Feeling the Heat
Two interacting proteins move differently as they heat up.
Computer simulations have shown that each pair of proteins bound to each other undergo a profound change in their relative motion as they heat up, a phenomenon that could provide clues to how proteins interact to govern living cells.
The molecular dynamics simulations of protein interactions, product of an international collaboration led by ORNL researcher Jeremy Smith, are being run on the Cray XT4 Jaguar supercomputer in Oak Ridge. The simulations set the stage for neutron scattering experiments to test the theory by measuring the motion of proteins, the worker molecules of life. Smith, who leads the ORNL Center for Molecular Biophysics and holds a University of Tennessee—ORNL Governor's Chair, collaborated with researchers from the University of Heidelberg in Germany. Their study appeared in the April 1, 2008 edition of Physical Review Letters.
"The living cell is a network of proteins that talk to each other by interacting, sometimes transiently, sometimes for long periods of time," Smith says. "These interactions are important at every stage of cell function. Understanding the physical nature of these associations will help us comprehend why they form and when."
The simulations performed by his team followed the way a pair of interacting proteins moves relative to each other as temperature increases. Internal motions in proteins and many other materials undergo a rapid softening at a certain temperature, a phenomenon called the "glass-to-liquid," or simply "glass" transition. The new simulations show that a glass transition also is evident in the way proteins in a pair, or "complex," move relative to each other.
At very low temperatures, around -200°C, protein complexes are frozen stiff in a glassy state. At around -40°C, they suddenly free themselves up and behave like molecules in a liquid, diffusing randomly relative to each other, while still remaining in touch.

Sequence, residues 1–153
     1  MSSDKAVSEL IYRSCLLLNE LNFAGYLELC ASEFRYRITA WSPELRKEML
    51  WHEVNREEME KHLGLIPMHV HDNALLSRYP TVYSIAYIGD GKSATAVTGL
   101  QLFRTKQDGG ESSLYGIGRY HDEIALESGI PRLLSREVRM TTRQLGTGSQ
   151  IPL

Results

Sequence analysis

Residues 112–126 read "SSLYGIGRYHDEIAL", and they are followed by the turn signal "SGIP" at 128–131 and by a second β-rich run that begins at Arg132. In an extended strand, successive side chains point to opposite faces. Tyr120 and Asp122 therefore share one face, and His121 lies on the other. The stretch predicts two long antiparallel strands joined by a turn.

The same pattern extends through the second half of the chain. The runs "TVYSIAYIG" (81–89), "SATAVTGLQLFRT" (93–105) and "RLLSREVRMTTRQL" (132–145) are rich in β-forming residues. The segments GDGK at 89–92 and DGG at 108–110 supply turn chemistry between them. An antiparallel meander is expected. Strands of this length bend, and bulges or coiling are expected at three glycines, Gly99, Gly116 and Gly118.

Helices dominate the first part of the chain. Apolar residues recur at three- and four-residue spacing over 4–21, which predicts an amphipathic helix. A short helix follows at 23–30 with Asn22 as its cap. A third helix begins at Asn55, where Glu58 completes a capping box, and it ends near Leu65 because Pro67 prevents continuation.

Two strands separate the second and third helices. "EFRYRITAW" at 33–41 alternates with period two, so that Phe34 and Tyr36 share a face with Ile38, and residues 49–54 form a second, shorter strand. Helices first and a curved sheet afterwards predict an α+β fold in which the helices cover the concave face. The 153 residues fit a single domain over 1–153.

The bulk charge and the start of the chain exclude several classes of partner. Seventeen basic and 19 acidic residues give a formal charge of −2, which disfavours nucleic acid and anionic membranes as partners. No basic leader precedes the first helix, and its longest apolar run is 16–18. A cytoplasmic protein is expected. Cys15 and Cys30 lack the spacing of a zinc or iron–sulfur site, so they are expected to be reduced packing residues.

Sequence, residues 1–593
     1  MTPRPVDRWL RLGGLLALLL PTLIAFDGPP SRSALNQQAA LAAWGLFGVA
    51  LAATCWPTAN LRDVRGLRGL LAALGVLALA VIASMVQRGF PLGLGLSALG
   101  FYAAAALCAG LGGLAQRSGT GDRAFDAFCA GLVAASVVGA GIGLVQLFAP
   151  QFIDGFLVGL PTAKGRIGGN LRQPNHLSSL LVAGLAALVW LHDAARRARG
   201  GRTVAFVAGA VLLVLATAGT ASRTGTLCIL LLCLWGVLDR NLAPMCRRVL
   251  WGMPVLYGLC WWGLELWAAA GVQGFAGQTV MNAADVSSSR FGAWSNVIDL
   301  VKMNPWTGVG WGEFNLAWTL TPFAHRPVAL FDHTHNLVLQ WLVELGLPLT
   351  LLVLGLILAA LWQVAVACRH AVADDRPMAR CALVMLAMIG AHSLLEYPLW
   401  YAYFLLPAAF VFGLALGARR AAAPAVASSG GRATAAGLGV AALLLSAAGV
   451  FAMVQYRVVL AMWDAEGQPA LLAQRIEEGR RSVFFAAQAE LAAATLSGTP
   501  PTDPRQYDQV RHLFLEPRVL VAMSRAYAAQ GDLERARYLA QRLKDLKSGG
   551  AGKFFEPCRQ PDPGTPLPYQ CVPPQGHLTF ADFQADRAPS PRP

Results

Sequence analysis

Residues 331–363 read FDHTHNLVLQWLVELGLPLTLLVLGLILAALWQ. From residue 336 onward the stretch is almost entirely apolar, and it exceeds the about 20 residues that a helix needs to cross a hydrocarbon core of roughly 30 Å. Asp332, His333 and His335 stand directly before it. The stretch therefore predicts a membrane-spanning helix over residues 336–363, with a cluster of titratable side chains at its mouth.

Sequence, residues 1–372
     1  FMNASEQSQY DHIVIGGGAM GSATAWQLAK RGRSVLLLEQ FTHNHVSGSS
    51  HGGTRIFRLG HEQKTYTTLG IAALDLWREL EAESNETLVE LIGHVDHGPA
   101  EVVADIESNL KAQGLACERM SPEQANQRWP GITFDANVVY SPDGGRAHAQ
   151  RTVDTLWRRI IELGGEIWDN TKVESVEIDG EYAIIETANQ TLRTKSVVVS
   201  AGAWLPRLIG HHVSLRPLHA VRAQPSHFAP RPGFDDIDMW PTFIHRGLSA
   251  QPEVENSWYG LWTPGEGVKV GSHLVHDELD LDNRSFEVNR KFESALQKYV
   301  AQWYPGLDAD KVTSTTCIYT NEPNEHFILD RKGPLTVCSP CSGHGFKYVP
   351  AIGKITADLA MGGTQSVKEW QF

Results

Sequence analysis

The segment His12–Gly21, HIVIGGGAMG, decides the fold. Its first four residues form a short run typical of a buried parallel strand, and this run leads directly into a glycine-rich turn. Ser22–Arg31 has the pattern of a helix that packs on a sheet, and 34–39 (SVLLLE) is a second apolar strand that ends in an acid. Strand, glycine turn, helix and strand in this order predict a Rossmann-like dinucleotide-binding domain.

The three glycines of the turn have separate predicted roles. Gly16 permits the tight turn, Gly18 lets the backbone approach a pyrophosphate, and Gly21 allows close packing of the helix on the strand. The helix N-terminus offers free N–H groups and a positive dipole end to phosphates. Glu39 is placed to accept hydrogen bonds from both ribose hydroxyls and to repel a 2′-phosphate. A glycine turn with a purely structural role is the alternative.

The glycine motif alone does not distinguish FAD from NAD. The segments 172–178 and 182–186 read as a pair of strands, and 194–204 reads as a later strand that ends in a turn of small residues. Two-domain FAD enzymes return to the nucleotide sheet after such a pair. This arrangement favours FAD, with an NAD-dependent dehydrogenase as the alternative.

"The effect is a bit like a couple dancing for the first time together at a ball," Smith says. "In the beginning, at low temperatures they just rigidly and uncomfortably hold each other, but after a while, as the temperature rises, they get used to each other and move more fluidly, with more adventurous motions, all while maintaining body and eye contact."
The motion may in the future become measurable using specialized spectrometers at the Spallation Neutron Source, as neutron scattering has historically been a major technique for examining glass transition behavior.
"The importance of neutrons stems from their unique capability of allowing the direct measurement of both where atoms move and how fast they get there—in other words, both the geometries and time scales of motions," he says.
Exactly how protein pairs dance together in a living cell is yet to be determined. Maybe, as in the glass transition behavior, they mimic what happens inside proteins themselves.
In a new theoretical article by Smith, also due to appear in Physical Review Letters, he demonstrates that the internal motions in a protein are likely to obey "anomalous subdiffusion" on a "fractal network." In other words, the motion is more complex than usual as it follows a specific geometrical form.
"Possibly the relative motions of proteins in a living cell will follow similar rules," Smith says. "To find out whether this is the case, our team is wasting no time pushing forward with a massive simulation of 3.5 million atoms in a thousand interacting proteins, running on the ORNL Cray XT4 Jaguar supercomputer. This high-performance simulation will stretch the capability of Jaguar but, if successful, will be a rich source of information, helping us to understand the forces between proteins."—Bill Cabage
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